Michael S. Haire crouched over the square foot of mud he had scooped from the bottom of the Patuxent River, ran two fingers lightly across the sample and held the chocolate-dark ooze to his nose.

"No odor," said Haire, a marine expert with the Maryland Office of Environmental Programs. "That's not a bad sign."

There's no glamour in smelling mud, but it's all part of the war on pollution in the Patuxent River, a waterway stretching 110 miles from western Howard County to this tiny island at the Chesapeake Bay.

Menaced by wastewater treatment plants in Howard and Prince George's counties and by fertilizers washing off the tobacco fields of Calvert, Charles and St. Mary's, the Patuxent is a river on the brink, a fragile ecosystem that Haire and others are trying to save through an ambitious program of scientific tests, tougher waste control laws and new farming methods.

"Oyster production in the river is way down, fisheries are off and the clarity of the water has diminished in recent years," said Haire, one of 10 state and federal scientists who last week were aboard the Discovery, a 45-foot trawler crammed with enough gear to outfit a large laboratory. "OEP has no higher priority than the cleanup of this river."

Haire is one of the leaders of a $430,000, three-year program to take the pulse of the Patuxent, to pinpoint those stretches of the river most contaminated by waste and fertilizers. The study, called a "nutrient-flux survey," may be the key not only to the Patuxent's future, but to the Chesapeake Bay's as well, officials said.

"That, of course, is the larger question," said OEP Secretary William M. Eischbaum. "What happens to the Patuxent is in a lot of ways going to be reflected in the bay."

"This is big test for us," said Haire, an affable, shaggy-haired New York native who grew up on Long Island Sound.

"If we succeed here, it could make the difference in the quality of the bay 10, 20, 50 years from now."

The Discovery's crew will spend the rest of the year testing mud, marine life and river water for traces of phosphorous and nitrogen, two nutrients that feed the estuary's microscopic algae--which in turn rob the water of the oxygen that keeps fisheries and shellfish beds alive. Nitrogen and phosphorus drift downstream from wastewater plants such as the Savage facility in southern Howard County and Prince George's Western Branch plant, which account for roughly 22 million of the 36 million gallons of wastewater pumped into the Patuxent daily.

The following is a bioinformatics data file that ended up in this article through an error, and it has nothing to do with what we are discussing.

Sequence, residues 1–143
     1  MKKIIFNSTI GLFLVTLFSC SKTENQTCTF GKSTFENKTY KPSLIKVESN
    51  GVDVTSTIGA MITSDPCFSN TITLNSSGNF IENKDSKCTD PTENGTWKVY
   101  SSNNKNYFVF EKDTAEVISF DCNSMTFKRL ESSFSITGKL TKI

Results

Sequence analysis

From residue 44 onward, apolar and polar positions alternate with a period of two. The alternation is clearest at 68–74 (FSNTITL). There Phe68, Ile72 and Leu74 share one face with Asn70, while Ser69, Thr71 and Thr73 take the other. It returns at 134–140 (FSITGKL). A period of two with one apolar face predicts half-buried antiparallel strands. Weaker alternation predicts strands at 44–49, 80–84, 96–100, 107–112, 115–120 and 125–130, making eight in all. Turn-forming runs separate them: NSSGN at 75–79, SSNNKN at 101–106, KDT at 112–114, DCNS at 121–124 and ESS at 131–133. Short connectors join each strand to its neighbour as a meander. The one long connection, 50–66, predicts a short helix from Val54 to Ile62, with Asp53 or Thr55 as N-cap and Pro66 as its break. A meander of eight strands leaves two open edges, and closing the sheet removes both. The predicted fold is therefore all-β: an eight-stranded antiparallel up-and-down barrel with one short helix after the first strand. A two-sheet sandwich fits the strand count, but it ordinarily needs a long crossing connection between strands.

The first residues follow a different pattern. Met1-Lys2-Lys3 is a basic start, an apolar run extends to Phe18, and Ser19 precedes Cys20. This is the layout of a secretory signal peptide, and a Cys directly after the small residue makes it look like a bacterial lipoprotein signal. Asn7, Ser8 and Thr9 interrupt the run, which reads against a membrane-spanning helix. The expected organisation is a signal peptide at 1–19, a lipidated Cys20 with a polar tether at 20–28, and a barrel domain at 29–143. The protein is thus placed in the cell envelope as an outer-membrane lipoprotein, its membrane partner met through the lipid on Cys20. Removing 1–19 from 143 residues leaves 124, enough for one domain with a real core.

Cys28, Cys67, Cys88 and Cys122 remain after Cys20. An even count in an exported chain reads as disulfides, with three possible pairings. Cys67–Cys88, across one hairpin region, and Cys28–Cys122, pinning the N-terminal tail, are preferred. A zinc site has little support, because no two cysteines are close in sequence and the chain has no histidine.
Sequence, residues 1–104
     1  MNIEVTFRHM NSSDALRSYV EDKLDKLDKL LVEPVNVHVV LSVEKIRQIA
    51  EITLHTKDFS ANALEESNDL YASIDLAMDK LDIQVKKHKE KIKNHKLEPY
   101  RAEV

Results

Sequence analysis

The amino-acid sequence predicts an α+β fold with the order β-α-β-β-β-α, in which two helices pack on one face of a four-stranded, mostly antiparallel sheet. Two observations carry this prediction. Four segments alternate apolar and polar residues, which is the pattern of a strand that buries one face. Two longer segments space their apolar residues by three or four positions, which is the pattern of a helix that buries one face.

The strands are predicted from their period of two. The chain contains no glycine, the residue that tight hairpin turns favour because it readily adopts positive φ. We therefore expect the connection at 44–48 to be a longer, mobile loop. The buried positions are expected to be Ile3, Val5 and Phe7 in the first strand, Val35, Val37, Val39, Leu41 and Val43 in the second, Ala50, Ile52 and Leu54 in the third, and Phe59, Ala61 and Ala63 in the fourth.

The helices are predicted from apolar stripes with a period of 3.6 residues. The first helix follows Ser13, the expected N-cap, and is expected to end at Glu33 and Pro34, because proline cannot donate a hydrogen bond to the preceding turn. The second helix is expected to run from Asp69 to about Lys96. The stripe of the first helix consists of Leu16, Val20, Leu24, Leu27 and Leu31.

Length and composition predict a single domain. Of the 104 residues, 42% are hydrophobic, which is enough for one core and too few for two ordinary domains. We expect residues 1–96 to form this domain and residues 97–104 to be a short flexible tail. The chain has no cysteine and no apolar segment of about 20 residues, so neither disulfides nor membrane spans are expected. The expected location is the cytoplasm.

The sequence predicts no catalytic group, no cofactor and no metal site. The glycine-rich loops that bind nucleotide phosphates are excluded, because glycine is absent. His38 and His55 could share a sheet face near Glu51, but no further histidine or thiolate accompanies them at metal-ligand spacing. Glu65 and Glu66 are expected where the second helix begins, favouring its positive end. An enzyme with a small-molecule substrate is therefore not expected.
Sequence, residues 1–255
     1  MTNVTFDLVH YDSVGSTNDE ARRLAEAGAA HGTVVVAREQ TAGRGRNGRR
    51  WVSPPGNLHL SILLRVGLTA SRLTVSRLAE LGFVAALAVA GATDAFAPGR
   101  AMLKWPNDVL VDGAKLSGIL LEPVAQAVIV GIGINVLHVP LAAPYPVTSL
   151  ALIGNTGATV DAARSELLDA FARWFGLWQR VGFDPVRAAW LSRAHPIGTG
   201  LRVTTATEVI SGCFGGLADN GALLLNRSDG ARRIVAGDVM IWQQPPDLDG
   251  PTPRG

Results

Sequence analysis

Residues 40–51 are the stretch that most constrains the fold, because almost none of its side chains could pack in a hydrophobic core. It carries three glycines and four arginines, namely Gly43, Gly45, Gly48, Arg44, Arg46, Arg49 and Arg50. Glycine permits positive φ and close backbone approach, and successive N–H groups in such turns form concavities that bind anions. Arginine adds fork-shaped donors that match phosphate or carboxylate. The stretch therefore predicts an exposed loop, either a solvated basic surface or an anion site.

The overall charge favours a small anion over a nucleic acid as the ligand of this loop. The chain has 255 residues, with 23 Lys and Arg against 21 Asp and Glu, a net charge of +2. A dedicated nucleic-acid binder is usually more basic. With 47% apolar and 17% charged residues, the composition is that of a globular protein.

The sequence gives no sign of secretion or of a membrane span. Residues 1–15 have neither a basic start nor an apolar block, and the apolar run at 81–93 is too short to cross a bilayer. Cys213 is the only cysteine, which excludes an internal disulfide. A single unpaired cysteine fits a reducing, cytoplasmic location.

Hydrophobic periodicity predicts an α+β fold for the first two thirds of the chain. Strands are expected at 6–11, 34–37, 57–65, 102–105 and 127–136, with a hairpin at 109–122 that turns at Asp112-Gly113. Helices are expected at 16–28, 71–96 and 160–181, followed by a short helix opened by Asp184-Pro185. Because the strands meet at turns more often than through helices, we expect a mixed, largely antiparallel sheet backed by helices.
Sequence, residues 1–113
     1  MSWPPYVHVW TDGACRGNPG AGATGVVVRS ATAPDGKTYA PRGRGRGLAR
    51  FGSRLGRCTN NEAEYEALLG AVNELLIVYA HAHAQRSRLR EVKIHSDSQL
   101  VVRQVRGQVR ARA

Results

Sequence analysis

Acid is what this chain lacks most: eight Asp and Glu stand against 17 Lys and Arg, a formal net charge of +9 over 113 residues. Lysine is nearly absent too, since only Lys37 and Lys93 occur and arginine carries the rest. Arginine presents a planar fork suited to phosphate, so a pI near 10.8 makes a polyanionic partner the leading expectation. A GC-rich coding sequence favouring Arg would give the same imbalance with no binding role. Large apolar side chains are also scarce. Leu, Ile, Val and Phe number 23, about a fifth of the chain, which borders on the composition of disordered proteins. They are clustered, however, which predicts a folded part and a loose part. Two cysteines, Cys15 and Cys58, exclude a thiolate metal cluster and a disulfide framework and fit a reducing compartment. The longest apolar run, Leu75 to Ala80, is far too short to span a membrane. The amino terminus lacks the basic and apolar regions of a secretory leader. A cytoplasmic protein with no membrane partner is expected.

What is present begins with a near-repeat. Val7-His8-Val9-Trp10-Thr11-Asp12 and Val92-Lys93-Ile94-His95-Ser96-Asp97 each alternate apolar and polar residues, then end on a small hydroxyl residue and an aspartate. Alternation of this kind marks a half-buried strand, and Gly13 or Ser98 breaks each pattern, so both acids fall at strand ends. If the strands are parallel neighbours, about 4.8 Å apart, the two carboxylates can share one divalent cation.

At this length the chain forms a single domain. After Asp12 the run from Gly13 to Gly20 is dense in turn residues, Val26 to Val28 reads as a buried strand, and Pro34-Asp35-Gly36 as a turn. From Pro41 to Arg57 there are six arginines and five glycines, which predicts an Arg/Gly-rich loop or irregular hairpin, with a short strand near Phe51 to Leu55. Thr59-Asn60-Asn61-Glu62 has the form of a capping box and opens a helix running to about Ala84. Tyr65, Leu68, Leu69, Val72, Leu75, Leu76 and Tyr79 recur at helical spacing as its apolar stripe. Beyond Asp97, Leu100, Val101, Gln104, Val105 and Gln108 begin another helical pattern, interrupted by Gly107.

The Discovery's mission is important to the Patuxent's health, Eischbaum and Haire said, simply because it marks the first time the state has measured nutrient levels. "The Discovery will set the benchmark," said Haire, peering into the dark-green river near St. Leonard's Creek. "From here on in, will be able to get a pretty good idea of how the river's doing. We couldn't do that before."

The ultimate cost of of the Discovery's research, which will help officials set farming-fertilizer controls and emission safeguards at wastewater plants, will be high, Eischbaum said. Under a cost-sharing program approved two years ago by the General Assembly, the state will spend $5 million alone trying to convince farmers to use new tilling and fertilizing methods to reduce the nutrient-rich silt washing into the river.

At the Western Branch and Parkway waste plants, meanwhile, the cost of installing nitrogen controls could run as high as $18 million, officials said. Maryland is prepared to spend that amount if the U.S. Environmental Protection Agency withholds the money, Gov. Harry Hughes announced recently.

"We're trying to get on the right course with the Patuxent," Eischbaum said. "But we may not even see our first increment of progress until 1987."

Studies like the one being conducted by Discovery's crew of biologists, engineers and marine experts make good public relations for government officials who have for years battled local environmentalists over the quality of the Patuxent.

"For a long time, the public view was that it wasn't important to us what happened to the Patuxent," Eischbaum said in an interview this week. "But we're taking the steps now. . . . "

For activists such as Marilyn Reeves of Laurel, who has called for a cleaner Patuxent for more than 20 years, the nutrient control and study program comes not a moment too soon.

"A Patuxent cleanup? Why, things have been at a standstill since late '81," Reeves said.

In that year, a coalition of politicians, environmentalists and local groups met in northern Howard County to draft a plan to protect the Patuxent's resources.

"The state does not have an adequate monitoring program," said Reeves, who lives near the river. "No one is saying, 'Yes, the Patuxent is going to be protected--all 110 miles of it.' "

"You just don't sit back and wait till you have every concrete fact at your disposal," said Haire, after a morning on the Discovery, "but the research on what's happening to the river is essential.

"We've gone from pie-in-the-sky, Jacques Yves Cousteau-y kinds of programs to very pragmatic programs. In the short run, we may be remaking the way we think about the Patuxent."